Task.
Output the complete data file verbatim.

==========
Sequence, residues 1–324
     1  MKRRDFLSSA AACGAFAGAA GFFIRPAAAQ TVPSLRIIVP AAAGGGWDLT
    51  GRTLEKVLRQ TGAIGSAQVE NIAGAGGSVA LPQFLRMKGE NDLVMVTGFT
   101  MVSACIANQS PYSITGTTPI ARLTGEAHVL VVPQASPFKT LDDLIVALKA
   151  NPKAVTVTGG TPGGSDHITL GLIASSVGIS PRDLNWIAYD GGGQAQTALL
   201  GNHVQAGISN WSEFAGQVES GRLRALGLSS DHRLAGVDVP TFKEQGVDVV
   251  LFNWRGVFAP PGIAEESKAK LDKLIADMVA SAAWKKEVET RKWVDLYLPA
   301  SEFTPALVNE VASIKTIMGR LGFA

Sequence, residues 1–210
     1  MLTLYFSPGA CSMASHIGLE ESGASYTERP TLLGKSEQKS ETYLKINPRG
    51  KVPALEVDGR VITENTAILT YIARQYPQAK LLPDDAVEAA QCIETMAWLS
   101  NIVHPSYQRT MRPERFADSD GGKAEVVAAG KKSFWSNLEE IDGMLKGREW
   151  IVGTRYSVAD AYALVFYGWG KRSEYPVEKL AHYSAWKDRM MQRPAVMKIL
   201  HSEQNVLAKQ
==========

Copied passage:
Sequence, residues 1–324
     1  MKRRDFLSSA AACGAFAGAA GFFIRPAAAQ TVPSLRIIVP AAAGGGWDLT
    51  GRTLEKVLRQ TGAIGSAQVE NIAGAGGSVA LPQFLRMKGE NDLVMVTGFT
   101  MVSACIANQS PYSITGTTPI ARLTGEAHVL VVPQASPFKT LDDLIVALKA
   151  NPKAVTVTGG TPGGSDHITL GLIASSVGIS PRDLNWIAYD GGGQAQTALL
   201  GNHVQAGISN WSEFAGQVES GRLRALGLSS DHRLAGVDVP TFKEQGVDVV
   251  LFNWRGVFAP PGIAEESKAK LDKLIADMVA SAAWKKEVET RKWVDLYLPA
   301  SEFTPALVNE VASIKTIMGR LGFA

Sequence, residues 1–210
     1  MLTLYFSPGA CSMASHIGLE ESGASYTERP TLLGKSEQKS ETYLKINPRG
    51  KVPALEVDGR VITENTAILT YIARQYPQAK LLPDDAVEAA QCIETMAWLS
   101  NIVHPSYQRT MRPERFADSD GGKAEVVAAG KKSFWSNLEE IDGMLKGREW
   151  IVGTRYSVAD AYALVFYGWG KRSEYPVEKL AHYSAWKDRM MQRPAVMKIL
   201  HSEQNVLAKQ